Trump keeps trashing his Attorney General

As others have expressed here, it is easy to become numb to what Donald Trump says. Incredulity is turning into boredom due to the number of outrageous things he says.

Media don’t help as they keep reporting on stupid but trivial things, like his comments on the hurricane Florence flooding “One of the wettest we’ve ever seen, from the standpoint of water”. Mocking Trump is like breathing air.

But Trump’s ongoing involvement and interference in judicial matters and investigations is (or should be) a major concern.

Like Trump says ‘hard to imagine’ Kavanaugh guilty of allegation

Trump conceded that “we’ll have to make a decision” if Ford’s account proves convincing.

“I can only say this: He is such an outstanding man. Very hard for me to imagine that anything happened,” Trump said.

This is mild involvement by Trump’s standards, but it would normally be prudent for President stay right out of things like this (Trump us not known for prudence).

However some of the most serious interference from Trump is his ongoing attacks on his Attorney General, Jeff Sessions.

Hill.TV INTERVIEW EXCLUSIVE: Trump eviscerates Sessions: ‘I don’t have an attorney general’

“I don’t have an attorney general. It’s very sad,”

“I’m so sad over Jeff Sessions because he came to me. He was the first senator that endorsed me. And he wanted to be attorney general, and I didn’t see it”

“And then he went through the nominating process and he did very poorly. I mean, he was mixed up and confused, and people that worked with him for, you know, a long time in the Senate were not nice to him, but he was giving very confusing answers. Answers that should have been easily answered. And that was a rough time for him.”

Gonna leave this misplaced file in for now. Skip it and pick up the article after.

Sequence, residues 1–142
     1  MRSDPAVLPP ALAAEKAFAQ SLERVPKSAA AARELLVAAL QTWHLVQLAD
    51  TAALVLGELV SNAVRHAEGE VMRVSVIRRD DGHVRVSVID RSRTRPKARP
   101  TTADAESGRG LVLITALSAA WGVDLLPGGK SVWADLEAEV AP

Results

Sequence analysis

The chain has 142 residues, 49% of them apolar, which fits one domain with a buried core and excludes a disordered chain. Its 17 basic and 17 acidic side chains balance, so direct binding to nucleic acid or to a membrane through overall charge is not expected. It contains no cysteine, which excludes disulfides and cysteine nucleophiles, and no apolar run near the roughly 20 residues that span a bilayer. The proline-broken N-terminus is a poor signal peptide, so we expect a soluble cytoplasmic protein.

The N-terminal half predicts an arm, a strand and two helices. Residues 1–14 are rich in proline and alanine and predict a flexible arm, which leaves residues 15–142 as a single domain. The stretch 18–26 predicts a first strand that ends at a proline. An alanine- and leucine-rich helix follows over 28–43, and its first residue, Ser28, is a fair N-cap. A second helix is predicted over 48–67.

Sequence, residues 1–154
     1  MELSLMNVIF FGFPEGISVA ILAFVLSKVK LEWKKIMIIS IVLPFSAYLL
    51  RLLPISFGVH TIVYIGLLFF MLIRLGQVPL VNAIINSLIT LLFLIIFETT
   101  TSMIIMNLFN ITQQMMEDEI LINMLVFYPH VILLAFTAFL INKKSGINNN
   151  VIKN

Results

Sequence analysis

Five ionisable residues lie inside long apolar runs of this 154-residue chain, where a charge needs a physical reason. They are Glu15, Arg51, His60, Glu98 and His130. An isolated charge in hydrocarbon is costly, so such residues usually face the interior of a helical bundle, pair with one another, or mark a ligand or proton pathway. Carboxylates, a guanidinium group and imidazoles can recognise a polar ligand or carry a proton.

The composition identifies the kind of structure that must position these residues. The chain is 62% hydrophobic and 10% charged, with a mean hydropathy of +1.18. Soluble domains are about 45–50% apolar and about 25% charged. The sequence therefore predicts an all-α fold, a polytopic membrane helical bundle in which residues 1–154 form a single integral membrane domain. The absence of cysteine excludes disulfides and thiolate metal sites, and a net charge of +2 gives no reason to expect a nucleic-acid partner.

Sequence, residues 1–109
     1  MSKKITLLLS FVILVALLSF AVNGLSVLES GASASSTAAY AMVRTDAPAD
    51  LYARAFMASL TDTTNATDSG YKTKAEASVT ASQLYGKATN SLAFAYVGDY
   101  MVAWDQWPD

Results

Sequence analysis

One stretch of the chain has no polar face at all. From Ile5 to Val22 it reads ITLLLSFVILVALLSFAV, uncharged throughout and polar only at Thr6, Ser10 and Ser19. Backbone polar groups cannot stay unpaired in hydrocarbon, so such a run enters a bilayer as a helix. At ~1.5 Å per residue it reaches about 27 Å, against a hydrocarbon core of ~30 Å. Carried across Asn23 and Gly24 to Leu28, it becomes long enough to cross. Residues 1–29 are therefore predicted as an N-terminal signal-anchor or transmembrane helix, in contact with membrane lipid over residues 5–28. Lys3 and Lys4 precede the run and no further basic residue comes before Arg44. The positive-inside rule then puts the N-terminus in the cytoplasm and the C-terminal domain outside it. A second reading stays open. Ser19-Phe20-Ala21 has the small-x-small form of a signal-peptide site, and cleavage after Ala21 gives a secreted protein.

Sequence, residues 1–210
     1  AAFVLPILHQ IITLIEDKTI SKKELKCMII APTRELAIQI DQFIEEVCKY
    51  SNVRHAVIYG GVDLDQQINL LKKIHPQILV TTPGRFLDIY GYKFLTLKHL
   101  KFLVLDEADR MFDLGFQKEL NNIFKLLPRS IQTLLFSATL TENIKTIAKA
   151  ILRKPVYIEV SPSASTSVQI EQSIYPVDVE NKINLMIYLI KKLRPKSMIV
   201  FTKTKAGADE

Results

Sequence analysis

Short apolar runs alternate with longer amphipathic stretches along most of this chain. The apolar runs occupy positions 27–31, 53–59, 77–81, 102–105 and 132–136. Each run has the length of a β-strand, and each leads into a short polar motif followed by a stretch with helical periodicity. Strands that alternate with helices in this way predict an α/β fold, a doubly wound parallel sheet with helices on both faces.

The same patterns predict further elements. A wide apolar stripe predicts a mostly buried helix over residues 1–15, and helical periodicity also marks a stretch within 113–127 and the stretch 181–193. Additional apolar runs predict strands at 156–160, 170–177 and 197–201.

“He gets in and probably because of the experience that he had going through the nominating when somebody asked him the first question about Hillary Clinton or something he said ‘I recuse myself, I recuse myself”.

“And now it turned out he didn’t have to recuse himself. Actually, the FBI reported shortly thereafter any reason for him to recuse himself. And it’s very sad what happened.”

What Trump seems to be sad about is that Sessions is acting for the United States of America, as he absolutely should be, and not in Trump’s own personal interests.

And as is common, Trump is wrong in the recusal.  Sessions told the Senate Intelligence Committee:

“I recused myself not because of any asserted wrongdoing on my part during the campaign, but because a Department of Justice regulation, 28 CFR 45.2, required it.”

Trump appears to see himself as above the law.

He has been trashing Sessions for some time, because Sessions is not doing what he wants, and doesn’t do what Trump says he wants him to do.

Trump has the power to sack Sessions. That he hasn’t done that despite his ongoing criticism suggests that it has been made clear to him that it would likely lead to a crisis in his presidency, and would possibly making his own position untenable.